Jordan was born in 1936 in Houston. After seeing Edith Sampson speak at her high school in tenth grade, she decided to become a lawyer, despite the discouragements she received based on race and gender to achieve that dream. Her interest in politics really jumpstarted after she worked on the John F. Kennedy presidential campaign. After two unsuccessful bids for the Texas House of Representatives, Jordan ran for Senate in 1966 and won--the first African-American to be elected to the senate since 1883 (and the first African-American woman elected to the Senate). After six years in the Senate, Jordan was elected the the House of Representatives--the first black woman from the South to do so. As a Congresswoman, Jordan introduced legislature to extend the state ratification deadline for the Equal Rights Amendment, and campaigned to include Native Americans, Latinos, and Asian-Americans when extending the Voting Rights Act of 1965, and supported the Community Reinvestment Act.
As a member of the House Judiciary Committee, Jordan delivered the opening remarks of Nixon's impeachment hearings in 1974. In her speech (which is available in audio and fully transcribed at American Rhetoric) Jordan eloquently sites the Constitution to call out Nixon's wrongdoings (rather than, you know, just calling him a scumbag).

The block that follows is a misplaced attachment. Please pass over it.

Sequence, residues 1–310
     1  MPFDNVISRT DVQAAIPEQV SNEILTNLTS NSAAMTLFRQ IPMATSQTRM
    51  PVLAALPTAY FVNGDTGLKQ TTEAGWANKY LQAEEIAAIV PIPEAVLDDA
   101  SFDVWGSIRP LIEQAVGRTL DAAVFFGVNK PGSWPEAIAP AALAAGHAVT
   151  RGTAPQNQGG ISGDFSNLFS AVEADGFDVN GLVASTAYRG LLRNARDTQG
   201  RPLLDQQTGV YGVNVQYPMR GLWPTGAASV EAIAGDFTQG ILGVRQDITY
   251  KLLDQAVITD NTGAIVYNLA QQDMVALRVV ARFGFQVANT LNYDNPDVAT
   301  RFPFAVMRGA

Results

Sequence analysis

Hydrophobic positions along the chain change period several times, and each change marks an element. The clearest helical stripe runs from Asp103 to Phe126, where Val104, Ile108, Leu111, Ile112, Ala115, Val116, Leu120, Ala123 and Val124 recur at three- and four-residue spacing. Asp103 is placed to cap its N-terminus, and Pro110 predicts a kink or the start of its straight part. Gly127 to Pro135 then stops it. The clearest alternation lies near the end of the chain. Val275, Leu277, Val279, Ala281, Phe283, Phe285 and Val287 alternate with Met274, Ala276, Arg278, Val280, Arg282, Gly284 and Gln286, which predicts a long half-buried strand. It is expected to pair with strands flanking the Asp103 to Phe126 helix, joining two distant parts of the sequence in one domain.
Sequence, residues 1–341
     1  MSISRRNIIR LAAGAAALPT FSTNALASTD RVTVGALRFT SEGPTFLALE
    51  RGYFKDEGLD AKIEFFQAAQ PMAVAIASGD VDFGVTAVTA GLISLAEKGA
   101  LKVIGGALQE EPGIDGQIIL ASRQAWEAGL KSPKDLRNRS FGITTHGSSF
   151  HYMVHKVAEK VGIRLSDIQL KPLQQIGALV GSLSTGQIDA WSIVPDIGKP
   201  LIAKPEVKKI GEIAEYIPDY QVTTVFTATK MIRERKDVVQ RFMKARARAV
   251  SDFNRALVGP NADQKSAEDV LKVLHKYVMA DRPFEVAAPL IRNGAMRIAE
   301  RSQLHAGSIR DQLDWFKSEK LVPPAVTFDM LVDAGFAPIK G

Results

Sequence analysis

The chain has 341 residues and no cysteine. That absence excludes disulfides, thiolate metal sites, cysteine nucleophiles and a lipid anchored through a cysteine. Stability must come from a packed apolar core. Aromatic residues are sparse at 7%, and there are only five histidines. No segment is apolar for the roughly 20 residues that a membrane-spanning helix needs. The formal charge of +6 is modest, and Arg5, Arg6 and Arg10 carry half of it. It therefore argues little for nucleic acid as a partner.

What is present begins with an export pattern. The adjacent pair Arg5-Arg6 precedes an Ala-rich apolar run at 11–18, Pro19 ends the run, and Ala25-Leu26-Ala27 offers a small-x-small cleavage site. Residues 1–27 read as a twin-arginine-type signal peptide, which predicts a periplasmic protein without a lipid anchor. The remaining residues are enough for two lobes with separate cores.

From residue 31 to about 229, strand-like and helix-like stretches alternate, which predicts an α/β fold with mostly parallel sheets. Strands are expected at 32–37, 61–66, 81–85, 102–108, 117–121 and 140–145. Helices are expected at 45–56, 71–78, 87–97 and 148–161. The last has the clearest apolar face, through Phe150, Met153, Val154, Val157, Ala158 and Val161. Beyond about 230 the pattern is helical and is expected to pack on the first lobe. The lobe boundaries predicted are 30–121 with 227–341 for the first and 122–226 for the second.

The Constitution charges the President with the task of taking care that the laws be faithfully executed, and yet the President has counseled his aides to commit perjury, willfully disregard the secrecy of grand jury proceedings, conceal surreptitious entry, attempt to compromise a federal judge, while publicly displaying his cooperation with the processes of criminal justice. "A President is impeachable if he attempts to subvert the Constitution." If the impeachment provision in the Constitution of the United States will not reach the offenses charged here, then perhaps that 18th-century Constitution should be abandoned to a 20th-century paper shredder.
Here is a video excerpt:
Being diagnosed with multiple sclerosis didn't keep Jordan off the political stage. She gave the keynote speech at both the 1976 and 1992 Democratic National Convention. Her 1976 speech was so impressive that it earned her a vote as a presidential nominee even though she wasn't running! She delivered her equally fiery 1992 speech from a wheelchair, check out excerpts on YouTube or read the transcript, also available at American Rhetoric.
While Jordan kept her private life private, she had a decades-long relationship with a psychologist named Nancy Earl. The LA-based Black LGBT rights group Jordan Rustin Coalition is named after Barbara Jordan and Bayard Rustin. She received the Presidential Medal of Freedom in 1994 (Strom Thurmond received it the year before, ugh!), and passed away two years later.